Here, in the case of Euclid’s Fifth postulate, the cast of characters Bardi calls upon includes Giovanni Saccheri, Johann Lambert, FC Schweikart, FA Taurinus, Farkas Bolyai, Janos Bolyai, Nikolai Lobachevsky and Carl Gauss. The story ends in tragedy for all except the last-named. The first five squandered their lives in the hope of solving the problem, but failed; their lives are tragic but not extraordinarily so. The miserable ends of Janos Bolyai and Lobachevsky are more heartrending: theirs is the tragedy caused by the complete failure of the world to recognize their Herculean achievement. It was as if Robert Scott had miraculously survived the -45 degree temperatures, the blinding blizzards and impassable terrain of the Antarctic, and had returned in triumph from the South Pole to London only to have people say, “Ah, there you are, Robert, my dear fellow. Where did you go pottering off to, this time? The South Pole, eh? But why would you want to do a dashed silly thing like that? Bournemouth’s got better pubs.”
If the most remarkable aspect of the human interest story behind the discovery of non-Euclidean geometry is the utter blankness and incomprehension with which it was received, its flip side is the immense, Copernican philosophical significance of the discovery in the history of science. The moment when the mystery of Euclid’s Fifth Postulate was solved (by rejecting the intuitive notion that lines that aren’t parallel will always meet somewhere) was the exact point in time when we decided that geometry did not need to make sense in order to work. Up until then, it was thought significant that you could write things like “1 + 1 = 3”, but you couldn’t depict on paper a triangle, one of whose sides was longer than the sum of the other two; or four straight lines in space that met at a single point and were at right angles to each other. In short, you couldn’t represent a single false idea in geometry – to many, this made it the purest possible form of mathematics. But non-Euclidean geometry doesn’t have anything to do with the way we perceive the external world, and it wasn’t long after Lobachevsky that books of geometry began to be published that didn’t have a single diagram in them. Clever, but is this geometry? And of what earthly use is it? Never before had a single discovery caused so much schism and division among mathematicians, perhaps irrecoverably so.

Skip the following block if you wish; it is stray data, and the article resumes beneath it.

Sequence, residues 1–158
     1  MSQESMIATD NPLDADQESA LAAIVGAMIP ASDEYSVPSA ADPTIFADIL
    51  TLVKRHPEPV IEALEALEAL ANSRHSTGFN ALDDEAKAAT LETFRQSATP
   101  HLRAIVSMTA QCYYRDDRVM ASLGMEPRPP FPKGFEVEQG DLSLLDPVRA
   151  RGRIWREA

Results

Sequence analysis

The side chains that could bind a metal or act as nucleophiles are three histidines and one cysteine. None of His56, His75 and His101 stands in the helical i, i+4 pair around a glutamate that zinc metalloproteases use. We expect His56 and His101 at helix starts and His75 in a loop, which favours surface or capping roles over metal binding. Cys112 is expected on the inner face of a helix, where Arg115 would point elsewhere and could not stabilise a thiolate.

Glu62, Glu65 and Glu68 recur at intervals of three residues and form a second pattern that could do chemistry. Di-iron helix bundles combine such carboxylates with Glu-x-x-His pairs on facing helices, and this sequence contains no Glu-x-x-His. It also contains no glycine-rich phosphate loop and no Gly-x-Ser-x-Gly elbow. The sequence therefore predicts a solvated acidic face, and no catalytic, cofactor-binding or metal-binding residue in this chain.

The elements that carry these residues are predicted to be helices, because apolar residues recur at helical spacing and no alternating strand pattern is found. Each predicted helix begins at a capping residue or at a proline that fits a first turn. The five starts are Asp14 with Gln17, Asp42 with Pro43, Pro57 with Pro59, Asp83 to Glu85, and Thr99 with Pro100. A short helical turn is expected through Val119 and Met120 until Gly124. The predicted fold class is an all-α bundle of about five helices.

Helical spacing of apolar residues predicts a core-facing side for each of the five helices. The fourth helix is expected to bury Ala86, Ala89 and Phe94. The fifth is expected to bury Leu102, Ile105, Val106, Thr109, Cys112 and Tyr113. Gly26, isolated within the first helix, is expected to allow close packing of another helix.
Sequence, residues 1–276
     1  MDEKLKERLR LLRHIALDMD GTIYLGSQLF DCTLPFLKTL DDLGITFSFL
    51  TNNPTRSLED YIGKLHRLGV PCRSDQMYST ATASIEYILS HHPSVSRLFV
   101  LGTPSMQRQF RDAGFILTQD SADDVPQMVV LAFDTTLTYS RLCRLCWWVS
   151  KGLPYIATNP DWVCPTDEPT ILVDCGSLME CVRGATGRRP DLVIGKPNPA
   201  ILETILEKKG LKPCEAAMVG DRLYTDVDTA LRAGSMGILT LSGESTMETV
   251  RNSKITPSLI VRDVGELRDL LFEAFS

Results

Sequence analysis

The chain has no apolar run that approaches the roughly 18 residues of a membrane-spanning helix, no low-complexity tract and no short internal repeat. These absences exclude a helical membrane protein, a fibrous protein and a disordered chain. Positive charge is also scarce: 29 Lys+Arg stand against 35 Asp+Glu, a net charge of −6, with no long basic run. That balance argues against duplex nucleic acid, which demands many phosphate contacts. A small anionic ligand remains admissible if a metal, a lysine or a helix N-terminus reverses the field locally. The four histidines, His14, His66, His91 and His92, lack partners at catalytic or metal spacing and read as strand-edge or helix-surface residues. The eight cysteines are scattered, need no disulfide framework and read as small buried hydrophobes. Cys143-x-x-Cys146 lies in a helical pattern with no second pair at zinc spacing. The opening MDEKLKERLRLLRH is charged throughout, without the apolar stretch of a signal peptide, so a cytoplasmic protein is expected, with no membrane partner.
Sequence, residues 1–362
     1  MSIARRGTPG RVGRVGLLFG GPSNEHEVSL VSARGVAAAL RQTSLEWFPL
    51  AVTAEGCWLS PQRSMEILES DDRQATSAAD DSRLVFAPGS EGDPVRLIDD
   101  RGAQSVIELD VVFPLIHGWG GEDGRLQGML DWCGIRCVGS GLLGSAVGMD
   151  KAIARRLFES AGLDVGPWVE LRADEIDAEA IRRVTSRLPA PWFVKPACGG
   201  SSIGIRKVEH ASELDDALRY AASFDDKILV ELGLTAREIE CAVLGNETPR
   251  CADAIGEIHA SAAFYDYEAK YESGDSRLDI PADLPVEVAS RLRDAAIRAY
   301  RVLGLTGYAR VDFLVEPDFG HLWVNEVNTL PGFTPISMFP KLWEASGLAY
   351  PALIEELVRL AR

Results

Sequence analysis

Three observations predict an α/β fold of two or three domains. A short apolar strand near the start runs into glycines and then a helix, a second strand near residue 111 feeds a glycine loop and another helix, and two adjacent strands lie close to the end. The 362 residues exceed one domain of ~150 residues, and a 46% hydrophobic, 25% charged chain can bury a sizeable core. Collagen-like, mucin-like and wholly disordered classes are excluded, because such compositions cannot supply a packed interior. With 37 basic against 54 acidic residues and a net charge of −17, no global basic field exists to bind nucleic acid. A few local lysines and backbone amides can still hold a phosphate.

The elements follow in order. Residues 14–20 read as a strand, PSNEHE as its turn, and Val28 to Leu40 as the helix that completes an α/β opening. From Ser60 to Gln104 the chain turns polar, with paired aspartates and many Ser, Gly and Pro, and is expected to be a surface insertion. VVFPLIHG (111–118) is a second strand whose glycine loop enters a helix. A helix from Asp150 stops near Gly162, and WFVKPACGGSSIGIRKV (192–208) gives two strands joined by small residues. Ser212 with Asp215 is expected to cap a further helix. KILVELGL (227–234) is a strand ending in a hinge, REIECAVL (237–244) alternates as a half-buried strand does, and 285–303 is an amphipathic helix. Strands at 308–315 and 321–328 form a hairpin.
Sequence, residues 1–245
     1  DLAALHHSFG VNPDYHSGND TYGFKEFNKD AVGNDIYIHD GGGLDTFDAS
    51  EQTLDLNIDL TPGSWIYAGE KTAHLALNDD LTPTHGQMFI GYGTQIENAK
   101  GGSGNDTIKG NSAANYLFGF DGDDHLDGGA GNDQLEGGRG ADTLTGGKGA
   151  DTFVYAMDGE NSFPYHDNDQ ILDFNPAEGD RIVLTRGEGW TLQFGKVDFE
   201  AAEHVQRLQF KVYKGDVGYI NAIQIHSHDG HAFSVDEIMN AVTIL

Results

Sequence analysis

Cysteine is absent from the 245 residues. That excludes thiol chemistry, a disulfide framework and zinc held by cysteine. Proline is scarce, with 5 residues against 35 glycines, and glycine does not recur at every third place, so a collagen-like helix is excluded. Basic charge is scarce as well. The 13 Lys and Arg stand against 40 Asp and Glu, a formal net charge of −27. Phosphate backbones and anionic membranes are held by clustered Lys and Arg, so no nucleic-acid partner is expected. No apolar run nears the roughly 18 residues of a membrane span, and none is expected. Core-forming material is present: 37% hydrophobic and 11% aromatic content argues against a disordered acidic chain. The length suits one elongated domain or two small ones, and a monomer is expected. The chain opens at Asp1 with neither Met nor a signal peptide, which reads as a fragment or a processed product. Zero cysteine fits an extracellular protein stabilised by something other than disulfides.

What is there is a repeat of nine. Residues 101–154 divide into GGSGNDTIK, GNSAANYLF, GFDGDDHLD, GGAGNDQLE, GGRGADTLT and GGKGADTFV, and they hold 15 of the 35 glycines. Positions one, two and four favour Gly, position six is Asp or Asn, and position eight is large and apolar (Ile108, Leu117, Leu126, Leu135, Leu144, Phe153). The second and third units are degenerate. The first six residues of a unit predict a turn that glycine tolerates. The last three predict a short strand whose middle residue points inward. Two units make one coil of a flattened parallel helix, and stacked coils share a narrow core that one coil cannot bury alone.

It is droll to note that it was a problem concerning parallel lines that caused such divergence. Physics and pure mathematics broke off at this point, but perhaps more significantly, so did the words Reality and Truth. Reality continued to be defined by the universe as we sense it, but mathematical truth was now defined purely in terms of internal logical consistency, with no reference to the external world. So abstract is this concept that it has led many in modern times to decry mathematics as just a game with arbitrary rules that has nothing to do with either Reality or Truth.
One cruel consequence of this divorce from common sense is the increasing gap between mathematical scholars and the lay public. Modern mathematics, freed of compulsion to remain rooted in experience, rapidly acquired bewildering complexity in the 20th century, and you now need to devote a decade of study or more to come up to speed with the research in any of its sub-fields. Rocket scientists, brain surgeons and Presidents can explain, in broad but understandable terms, what they do for a living, to the general public. Not so a number theorist today. The gap is vast and growing, and this can be catastrophic both for science and for society. The famous Library of Alexandria, frequented by Euclid himself at one point, was burnt down when the esoteric texts within were deemed useless, incomprehensible and elitist by the angry mob outside. We cannot afford a repetition.
And this, precisely, is why there is a burning need for more popular science writers – even average ones like Bardi, whose selection of a good theme and competent biographical research makes up for other inadequacies.